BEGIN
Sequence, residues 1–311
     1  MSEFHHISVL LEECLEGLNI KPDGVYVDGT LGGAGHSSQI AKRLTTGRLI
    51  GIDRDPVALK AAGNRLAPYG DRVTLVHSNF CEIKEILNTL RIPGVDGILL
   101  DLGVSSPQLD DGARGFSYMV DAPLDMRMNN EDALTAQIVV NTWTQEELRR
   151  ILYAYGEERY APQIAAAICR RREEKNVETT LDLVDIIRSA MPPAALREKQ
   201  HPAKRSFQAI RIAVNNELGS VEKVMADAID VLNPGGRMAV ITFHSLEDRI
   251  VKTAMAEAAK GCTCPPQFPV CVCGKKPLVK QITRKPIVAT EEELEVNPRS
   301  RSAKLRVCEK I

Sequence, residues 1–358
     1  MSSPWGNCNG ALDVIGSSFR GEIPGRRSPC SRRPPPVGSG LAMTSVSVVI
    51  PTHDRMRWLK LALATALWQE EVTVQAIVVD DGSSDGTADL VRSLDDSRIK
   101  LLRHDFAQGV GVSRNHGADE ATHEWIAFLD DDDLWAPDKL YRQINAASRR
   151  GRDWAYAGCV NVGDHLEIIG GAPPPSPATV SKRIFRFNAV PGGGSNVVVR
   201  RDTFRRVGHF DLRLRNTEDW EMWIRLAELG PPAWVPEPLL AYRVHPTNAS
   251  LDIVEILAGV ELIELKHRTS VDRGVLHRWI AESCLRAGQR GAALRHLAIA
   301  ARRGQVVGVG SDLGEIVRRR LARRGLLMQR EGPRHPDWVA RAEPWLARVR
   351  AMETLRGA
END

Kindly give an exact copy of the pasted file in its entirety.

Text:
Sequence, residues 1–311
     1  MSEFHHISVL LEECLEGLNI KPDGVYVDGT LGGAGHSSQI AKRLTTGRLI
    51  GIDRDPVALK AAGNRLAPYG DRVTLVHSNF CEIKEILNTL RIPGVDGILL
   101  DLGVSSPQLD DGARGFSYMV DAPLDMRMNN EDALTAQIVV NTWTQEELRR
   151  ILYAYGEERY APQIAAAICR RREEKNVETT LDLVDIIRSA MPPAALREKQ
   201  HPAKRSFQAI RIAVNNELGS VEKVMADAID VLNPGGRMAV ITFHSLEDRI
   251  VKTAMAEAAK GCTCPPQFPV CVCGKKPLVK QITRKPIVAT EEELEVNPRS
   301  RSAKLRVCEK I

Sequence, residues 1–358
     1  MSSPWGNCNG ALDVIGSSFR GEIPGRRSPC SRRPPPVGSG LAMTSVSVVI
    51  PTHDRMRWLK LALATALWQE EVTVQAIVVD DGSSDGTADL VRSLDDSRIK
   101  LLRHDFAQGV GVSRNHGADE ATHEWIAFLD DDDLWAPDKL YRQINAASRR
   151  GRDWAYAGCV NVGDHLEIIG GAPPPSPATV SKRIFRFNAV PGGGSNVVVR
   201  RDTFRRVGHF DLRLRNTEDW EMWIRLAELG PPAWVPEPLL AYRVHPTNAS
   251  LDIVEILAGV ELIELKHRTS VDRGVLHRWI AESCLRAGQR GAALRHLAIA
   301  ARRGQVVGVG SDLGEIVRRR LARRGLLMQR EGPRHPDWVA RAEPWLARVR
   351  AMETLRGA